Clean Seas' baby farmed bluefin tuna
Clean Seas Tuna of Port Lincoln, Australia, on Tuesday released the first photos of its farmed southern bluefin tuna, born just a month ago.
The company, along with researchers from the University of the Sunshine Coast, Fisheries Research and Development Corp., the South Australian Research and Development Institute and the Australian Seafood Cooperative Research Centre, has been working for the past decade to reproduce breeding patterns of the fish.
“These photographs and videos symbolize the depth of work our team has put into closing the lifecycle of this magnificent wild fish,” said Clean Seas Chairman Hagen Stehr. “Not only have images such as these never been seen by human eyes, but the creation of these fish has been entirely dependent on human endeavor.”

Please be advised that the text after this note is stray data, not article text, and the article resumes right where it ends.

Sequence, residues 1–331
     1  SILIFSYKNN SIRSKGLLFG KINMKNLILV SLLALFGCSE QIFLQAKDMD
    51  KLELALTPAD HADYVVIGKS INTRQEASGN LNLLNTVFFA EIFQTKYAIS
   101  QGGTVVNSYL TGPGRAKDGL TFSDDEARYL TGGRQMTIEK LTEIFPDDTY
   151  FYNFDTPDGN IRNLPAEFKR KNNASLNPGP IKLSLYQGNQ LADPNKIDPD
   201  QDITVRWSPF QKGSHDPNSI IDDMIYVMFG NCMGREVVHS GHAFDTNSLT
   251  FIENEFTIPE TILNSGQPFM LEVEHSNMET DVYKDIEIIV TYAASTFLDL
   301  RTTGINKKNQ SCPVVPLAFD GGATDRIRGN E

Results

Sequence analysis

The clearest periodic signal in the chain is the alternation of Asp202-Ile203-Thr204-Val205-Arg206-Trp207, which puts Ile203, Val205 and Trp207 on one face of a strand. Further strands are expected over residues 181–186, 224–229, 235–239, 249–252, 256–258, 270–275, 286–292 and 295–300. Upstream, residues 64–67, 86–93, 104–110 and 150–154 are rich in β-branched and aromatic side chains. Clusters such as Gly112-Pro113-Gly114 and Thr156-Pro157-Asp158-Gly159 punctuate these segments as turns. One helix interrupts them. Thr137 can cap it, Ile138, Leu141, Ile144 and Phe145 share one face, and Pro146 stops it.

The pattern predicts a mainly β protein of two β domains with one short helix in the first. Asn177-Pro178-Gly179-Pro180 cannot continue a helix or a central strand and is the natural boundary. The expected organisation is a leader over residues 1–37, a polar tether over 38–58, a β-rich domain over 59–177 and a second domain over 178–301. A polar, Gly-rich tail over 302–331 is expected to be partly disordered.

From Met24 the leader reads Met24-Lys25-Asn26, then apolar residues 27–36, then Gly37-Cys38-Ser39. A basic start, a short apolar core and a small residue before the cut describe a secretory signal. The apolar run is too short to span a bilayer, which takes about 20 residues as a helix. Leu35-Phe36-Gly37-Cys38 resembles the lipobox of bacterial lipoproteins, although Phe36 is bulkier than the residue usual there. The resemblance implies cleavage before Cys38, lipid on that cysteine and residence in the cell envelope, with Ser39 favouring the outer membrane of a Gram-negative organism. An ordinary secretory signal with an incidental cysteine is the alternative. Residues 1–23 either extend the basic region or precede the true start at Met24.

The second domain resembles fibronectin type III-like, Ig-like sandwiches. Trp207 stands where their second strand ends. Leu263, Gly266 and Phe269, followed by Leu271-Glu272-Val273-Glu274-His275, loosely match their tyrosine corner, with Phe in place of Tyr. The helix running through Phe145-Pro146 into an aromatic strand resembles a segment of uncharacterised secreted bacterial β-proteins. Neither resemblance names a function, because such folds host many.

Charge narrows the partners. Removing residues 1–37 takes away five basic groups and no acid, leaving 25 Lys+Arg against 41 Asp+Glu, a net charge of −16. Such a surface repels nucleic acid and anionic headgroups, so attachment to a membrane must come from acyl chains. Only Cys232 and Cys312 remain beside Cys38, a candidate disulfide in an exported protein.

Last week, Clean Seas Tuna announced the continuous spawning by its captive southern bluefin tuna broodstock over 35 days; the production of more than 50 million fertilized tuna eggs and 30 million larvae; the fertilization of more than 90 percent of the eggs; and significant advances to commercialize southern bluefin tuna aquaculture.
“Commercially, the path is open to revolutionize the tuna industry and see captive Aussie tuna aquaculture grow to a multibillion dollar sector,” added Abigail Elizur, professor at the University of the Sunshine Coast.
Video can be seen at www.cleanseas.com.au.